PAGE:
Thus Lord Bingham observed as follows (at paragraph 4):

The expression “wrongful convictions” is not a legal term of art and it has no settled meaning.  Plainly the expression includes the conviction of those who are innocent of the crime of which they have been convicted.  But in ordinary parlance the expression would, I think, be extended to those who, whether guilty or not, should clearly not have been convicted at their trials.  It is impossible and unnecessary to identify the manifold reasons why a defendant may be convicted when he should not have been.  It may be because the evidence against him was fabricated or perjured.  It may be because flawed expert evidence was relied on to secure conviction. It may be because evidence helpful to the defence was concealed or withheld.  It may be because the jury was the subject of malicious interference.  It may be because of judicial unfairness or misdirection.  In cases of this kind, it may, or more often may not, be possible to say that a defendant is innocent, but it is possible to say that he has been wrongly convicted.  The common factor in such cases is that something has gone seriously wrong in the investigation of the offence or the conduct of the trial, resulting in the conviction of someone who should not have been convicted.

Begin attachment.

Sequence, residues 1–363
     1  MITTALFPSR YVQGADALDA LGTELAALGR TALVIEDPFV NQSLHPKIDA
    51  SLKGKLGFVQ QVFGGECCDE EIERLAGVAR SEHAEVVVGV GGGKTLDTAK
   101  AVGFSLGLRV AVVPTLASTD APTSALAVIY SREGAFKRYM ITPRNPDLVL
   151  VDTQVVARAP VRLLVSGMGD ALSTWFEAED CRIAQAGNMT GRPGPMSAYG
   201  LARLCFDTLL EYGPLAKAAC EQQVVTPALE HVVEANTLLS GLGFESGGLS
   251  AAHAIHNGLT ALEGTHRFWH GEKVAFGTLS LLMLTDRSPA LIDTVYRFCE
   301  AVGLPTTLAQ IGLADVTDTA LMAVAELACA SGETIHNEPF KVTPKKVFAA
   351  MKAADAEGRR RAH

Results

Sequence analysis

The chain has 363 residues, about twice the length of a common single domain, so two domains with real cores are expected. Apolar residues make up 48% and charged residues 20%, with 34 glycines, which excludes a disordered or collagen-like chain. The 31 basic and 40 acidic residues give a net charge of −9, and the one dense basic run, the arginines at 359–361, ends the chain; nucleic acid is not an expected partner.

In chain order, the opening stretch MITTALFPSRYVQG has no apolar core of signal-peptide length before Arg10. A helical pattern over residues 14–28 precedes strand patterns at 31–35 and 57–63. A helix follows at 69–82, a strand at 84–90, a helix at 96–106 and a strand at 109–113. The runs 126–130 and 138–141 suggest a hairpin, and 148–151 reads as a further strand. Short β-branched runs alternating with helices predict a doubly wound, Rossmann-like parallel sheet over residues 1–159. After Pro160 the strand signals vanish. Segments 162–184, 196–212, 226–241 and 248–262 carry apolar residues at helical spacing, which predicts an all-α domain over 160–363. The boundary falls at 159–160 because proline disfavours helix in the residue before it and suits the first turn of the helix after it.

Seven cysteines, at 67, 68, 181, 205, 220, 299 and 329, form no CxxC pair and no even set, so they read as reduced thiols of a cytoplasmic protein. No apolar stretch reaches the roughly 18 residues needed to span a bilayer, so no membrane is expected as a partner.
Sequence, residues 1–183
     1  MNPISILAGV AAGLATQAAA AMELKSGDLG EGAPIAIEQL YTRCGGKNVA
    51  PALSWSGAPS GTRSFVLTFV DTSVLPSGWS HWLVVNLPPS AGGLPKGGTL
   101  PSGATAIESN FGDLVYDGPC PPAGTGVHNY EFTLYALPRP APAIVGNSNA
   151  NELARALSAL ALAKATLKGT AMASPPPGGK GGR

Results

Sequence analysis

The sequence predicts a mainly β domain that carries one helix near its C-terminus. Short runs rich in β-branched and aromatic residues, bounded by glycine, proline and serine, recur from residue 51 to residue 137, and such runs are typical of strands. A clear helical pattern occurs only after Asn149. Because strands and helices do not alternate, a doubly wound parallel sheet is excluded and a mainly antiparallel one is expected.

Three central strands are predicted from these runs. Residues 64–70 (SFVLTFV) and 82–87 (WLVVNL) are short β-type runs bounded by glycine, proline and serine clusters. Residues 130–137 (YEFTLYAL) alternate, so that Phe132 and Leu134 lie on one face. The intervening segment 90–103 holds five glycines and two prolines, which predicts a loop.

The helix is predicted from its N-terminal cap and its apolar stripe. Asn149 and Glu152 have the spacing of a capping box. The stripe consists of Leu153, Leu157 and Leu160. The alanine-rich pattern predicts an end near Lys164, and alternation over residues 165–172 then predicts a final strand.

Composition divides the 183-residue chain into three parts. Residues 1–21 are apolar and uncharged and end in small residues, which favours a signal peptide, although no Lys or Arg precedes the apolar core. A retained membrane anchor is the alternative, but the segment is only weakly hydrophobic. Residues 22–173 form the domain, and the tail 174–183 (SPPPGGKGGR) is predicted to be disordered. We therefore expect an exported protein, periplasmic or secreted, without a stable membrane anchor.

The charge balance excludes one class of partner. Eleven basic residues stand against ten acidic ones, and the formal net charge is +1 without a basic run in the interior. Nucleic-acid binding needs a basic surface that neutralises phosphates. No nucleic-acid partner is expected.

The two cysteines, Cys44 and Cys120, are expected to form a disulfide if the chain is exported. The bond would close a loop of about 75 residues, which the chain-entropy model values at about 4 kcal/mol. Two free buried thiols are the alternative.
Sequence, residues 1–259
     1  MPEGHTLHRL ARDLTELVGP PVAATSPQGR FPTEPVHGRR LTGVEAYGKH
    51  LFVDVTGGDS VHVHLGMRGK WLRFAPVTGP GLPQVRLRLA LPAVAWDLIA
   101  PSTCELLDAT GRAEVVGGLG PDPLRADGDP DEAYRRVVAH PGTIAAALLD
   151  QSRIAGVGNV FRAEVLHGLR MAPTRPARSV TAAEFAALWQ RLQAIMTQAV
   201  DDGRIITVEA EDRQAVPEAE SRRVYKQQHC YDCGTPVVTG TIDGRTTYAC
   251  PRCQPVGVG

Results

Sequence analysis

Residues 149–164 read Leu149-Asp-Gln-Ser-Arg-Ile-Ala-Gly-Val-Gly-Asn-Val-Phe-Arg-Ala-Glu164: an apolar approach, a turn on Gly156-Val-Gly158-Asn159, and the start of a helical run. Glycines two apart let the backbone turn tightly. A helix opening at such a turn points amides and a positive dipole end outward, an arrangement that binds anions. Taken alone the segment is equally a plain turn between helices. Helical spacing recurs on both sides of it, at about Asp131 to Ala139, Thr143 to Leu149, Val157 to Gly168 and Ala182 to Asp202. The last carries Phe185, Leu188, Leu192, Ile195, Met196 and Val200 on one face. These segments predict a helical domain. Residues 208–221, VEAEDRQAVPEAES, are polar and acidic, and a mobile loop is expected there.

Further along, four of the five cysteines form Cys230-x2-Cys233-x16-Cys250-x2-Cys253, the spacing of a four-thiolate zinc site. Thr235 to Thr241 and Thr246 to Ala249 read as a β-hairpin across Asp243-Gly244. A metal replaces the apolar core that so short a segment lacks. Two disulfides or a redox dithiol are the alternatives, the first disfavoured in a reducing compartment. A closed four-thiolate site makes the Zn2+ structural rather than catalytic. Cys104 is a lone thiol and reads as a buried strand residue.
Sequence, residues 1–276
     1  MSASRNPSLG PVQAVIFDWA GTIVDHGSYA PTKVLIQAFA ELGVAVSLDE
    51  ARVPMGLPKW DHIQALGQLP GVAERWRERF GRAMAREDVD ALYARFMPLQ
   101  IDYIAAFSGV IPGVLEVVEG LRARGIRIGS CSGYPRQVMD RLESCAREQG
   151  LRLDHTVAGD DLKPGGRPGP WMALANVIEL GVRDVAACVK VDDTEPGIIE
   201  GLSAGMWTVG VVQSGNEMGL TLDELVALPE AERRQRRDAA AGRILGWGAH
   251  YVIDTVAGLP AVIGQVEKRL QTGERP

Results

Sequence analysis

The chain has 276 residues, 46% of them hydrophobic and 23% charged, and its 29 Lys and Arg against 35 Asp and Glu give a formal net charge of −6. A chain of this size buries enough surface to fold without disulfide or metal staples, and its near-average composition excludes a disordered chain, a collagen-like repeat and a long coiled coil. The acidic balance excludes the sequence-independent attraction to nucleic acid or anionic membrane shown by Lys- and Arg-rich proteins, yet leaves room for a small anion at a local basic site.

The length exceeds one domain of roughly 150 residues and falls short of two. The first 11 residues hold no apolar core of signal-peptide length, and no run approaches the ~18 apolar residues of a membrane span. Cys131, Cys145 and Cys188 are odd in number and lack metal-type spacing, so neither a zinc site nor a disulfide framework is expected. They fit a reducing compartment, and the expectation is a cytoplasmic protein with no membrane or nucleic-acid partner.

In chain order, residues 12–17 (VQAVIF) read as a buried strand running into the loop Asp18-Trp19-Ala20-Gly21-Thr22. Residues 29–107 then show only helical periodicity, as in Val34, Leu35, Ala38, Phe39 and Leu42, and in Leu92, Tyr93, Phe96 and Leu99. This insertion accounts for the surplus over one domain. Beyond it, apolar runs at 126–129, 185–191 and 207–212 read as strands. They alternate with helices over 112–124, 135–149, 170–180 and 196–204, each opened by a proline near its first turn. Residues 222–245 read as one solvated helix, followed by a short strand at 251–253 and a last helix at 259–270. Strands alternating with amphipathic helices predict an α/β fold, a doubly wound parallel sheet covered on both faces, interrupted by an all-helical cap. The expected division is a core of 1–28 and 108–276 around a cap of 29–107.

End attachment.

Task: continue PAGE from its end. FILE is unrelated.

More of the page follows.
While Lord Steyn considered that a stricter test should be applied, noting at paragraphs 55-6:

55 Schiemann LJ observed, at p 1007, para 43, that our criminal law system “does not provide for proof of innocence”.  Sometimes compelling new evidence, e g a DNA sample, a forensic test result, fingerprints, a subsequent confession by a third party who was found in possession of the murder weapon, and so forth, may lead to the quashing of a conviction.  The circumstances may justify the conclusion beyond reasonable doubt that the defendant had been innocent.  Sometimes the Court of Appeal makes it clear (see R v Fergus (1994) 98 Cr App R 313, 325) and sometimes it can be inferred from the circumstances.  The interpretation which I have adopted is therefore perfectly workable. ….

56 I conclude that the autonomous meaning of the words “a miscarriage of justice” extends only to “clear cases of miscarriage of justice, in the sense that there would be acknowledgement that the person concerned was clearly innocent”

The legal questions for the UK Supreme Court in Adams are: did either Lord Bingham or Lord Steyn get it right on the question of compensation for punishment following a “miscarriage of justice?; or did they both get it wrong, and compensation should not be dependent on any judgments as to an individual’s “moral” or “actual” innocence of the offence for which he or she was convicted and punished ?